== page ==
Perhaps the most telling aspect of Muzzammil "Mo" Hassan's murder trial Tuesday came at the start of the day -- before the jury was seated, before the prosecution played the surveillance footage of his wife's killing and before jurors were shown her blood-soaked, sliced-up clothes.
Hassan, now acting as his own lawyer, asked Erie County Judge Thomas Franczyk to force the prosecution to release supplementary information related to the mental evaluation of Hassan done by Dr. Gary Horwitz, a Rochester-based psychiatrist.
Prosecutor Colleen Curtin Gable objected, saying, "Nothing Dr. Horwitz is going to opine is favorable to this witness, that's for sure."
Hassan responded that there are numerous pieces of information in the report that support his claim that he was a battered spouse. When the judge asked where, Hassan referred him to page 23 of Horwitz's report.
That page, Hassan said, shows that Aasiya Zubair Hassan was abusive and had rage issues that involved her hitting him.
Franczyk flipped to page 23 and started reading aloud.
He read that Aasiya reported that Hassan physically restrained her by sitting on her and that she would hit him to try to break free. He read that she would argue with Hassan, but none of her older children ever saw her use a weapon against him.
"Do you want me to go on?" Franczyk asked Hassan.
"Yes," Hassan responded, saying the rest of the passage shows that his wife was a liar.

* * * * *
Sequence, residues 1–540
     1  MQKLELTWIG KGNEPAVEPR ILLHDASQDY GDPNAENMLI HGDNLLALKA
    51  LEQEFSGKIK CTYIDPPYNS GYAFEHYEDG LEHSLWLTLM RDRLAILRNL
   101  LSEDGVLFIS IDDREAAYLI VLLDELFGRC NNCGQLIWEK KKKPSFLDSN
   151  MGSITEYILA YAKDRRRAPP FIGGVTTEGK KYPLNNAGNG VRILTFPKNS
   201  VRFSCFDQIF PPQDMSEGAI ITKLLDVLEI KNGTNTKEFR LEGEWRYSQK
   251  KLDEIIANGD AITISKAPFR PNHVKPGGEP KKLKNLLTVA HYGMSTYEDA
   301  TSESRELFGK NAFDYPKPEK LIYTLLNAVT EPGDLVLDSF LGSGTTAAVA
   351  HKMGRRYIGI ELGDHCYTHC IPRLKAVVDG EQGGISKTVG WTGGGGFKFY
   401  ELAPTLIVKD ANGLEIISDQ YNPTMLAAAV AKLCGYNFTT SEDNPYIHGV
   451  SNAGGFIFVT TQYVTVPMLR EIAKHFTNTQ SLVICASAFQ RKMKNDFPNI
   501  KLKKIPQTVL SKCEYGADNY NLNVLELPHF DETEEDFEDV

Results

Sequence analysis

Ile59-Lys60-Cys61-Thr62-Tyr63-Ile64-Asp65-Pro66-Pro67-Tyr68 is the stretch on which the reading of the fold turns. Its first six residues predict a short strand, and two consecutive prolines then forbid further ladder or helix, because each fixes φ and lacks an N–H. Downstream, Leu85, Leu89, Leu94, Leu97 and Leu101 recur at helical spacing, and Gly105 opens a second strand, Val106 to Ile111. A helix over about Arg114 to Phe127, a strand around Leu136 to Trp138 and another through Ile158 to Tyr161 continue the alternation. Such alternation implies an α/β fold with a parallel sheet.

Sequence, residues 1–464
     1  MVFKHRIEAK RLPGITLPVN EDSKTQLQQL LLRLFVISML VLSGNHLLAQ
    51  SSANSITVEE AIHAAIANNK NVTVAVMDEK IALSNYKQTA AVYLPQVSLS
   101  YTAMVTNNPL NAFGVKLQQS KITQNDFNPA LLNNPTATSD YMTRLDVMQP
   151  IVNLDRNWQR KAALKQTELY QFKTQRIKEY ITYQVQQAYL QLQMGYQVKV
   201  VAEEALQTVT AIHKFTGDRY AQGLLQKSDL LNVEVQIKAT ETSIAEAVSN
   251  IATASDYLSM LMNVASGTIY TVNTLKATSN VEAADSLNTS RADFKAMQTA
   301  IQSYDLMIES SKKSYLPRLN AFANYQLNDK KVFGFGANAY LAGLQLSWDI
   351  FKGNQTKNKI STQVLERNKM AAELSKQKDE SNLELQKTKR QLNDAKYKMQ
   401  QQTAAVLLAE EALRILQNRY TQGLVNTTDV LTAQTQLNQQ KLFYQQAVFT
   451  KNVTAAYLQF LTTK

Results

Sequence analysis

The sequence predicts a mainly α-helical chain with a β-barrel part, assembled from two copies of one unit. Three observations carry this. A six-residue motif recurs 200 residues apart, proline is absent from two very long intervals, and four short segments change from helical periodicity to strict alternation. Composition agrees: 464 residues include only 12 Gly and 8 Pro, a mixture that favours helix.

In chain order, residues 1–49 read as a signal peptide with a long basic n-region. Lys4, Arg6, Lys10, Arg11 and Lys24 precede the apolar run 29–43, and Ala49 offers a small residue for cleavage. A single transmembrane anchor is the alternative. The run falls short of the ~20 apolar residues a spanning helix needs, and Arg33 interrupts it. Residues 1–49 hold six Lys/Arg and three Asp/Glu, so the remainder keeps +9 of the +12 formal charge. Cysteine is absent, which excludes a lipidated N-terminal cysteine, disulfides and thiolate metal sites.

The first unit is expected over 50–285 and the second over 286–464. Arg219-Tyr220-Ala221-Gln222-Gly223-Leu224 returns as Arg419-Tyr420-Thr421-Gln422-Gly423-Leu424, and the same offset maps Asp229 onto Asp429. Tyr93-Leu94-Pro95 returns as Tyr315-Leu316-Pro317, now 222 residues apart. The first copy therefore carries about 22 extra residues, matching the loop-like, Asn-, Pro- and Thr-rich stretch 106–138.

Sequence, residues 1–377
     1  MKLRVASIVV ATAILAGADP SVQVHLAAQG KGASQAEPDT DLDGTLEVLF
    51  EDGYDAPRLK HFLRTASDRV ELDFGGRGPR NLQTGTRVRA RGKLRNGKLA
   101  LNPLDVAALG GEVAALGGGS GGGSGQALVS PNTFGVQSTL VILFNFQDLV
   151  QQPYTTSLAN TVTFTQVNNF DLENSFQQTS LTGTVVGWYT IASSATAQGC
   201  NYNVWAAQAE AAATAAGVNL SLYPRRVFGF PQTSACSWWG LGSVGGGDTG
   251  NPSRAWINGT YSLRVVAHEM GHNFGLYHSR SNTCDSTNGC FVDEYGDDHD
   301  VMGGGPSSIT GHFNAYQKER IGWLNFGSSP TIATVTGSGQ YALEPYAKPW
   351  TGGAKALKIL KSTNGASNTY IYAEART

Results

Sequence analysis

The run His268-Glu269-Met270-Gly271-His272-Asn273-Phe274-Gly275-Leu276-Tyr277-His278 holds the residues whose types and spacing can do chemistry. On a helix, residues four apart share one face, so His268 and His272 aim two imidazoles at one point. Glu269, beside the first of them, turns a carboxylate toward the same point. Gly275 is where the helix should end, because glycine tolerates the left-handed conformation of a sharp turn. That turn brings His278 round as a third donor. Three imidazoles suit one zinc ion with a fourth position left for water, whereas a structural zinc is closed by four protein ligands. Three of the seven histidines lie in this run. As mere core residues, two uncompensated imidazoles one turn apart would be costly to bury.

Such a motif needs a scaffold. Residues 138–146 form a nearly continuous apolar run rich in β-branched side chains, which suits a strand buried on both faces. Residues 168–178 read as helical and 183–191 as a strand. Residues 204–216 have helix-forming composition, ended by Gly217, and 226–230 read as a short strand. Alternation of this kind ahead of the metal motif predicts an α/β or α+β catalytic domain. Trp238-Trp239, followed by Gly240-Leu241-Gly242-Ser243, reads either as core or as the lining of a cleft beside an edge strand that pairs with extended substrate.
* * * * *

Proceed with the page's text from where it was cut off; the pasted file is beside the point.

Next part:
Franczyk then read aloud about how Aasiya lied about the injuries to her body and face and how she avoided getting medical care for her injuries because she wanted to protect her husband from criminal prosecution.
The judge put the document down and looked at Hassan with an incredulous expression.
"How in heaven's name do you regard that as Brady material?" he asked, referring to material held by the prosecution that is considered favorable to the defense.
Hassan responded that he believes Horwitz's report cites 21 examples of psychiatric abuse by the victim.
He said that all of his wife's claims of being abused are "completely fictitious" and that he was the victim of a "misinformation campaign by Aasiya."
After the jury was brought in for Tuesday's trial proceedings, prosecutors introduced three Orchard Park police witnesses, all of whom testified about evidence they had collected or received after Aasiya was stabbed and beheaded on Feb. 12, 2009, in the couple's Bridges TV studio.
The much-anticipated surveillance footage, apparently showing Hassan's attack on his wife, was extremely dark, fuzzy and indistinct. The studio surveillance system captured an image every five seconds, so there were no smooth images of motion.
Even after efforts by state police to lighten the surveillance video, the most that viewers could conclude was that Aasiya was attacked by Hassan within seconds of her arrival. Based on the images, it appears that Hassan came at her in the dark and raised an object, presumably a knife, when the attack began and that it ended quickly.
Detective John Payne, who continued his testimony from Monday, commented on the video and showed jurors the victim's slashed and bloody jacket, hooded sweat shirt and black undershirt, drawing looks of horror from observers in the courtroom gallery.
He also opened evidence bags containing floor tiles with spattered blood, hair and deep knife gouges from the decapitation point.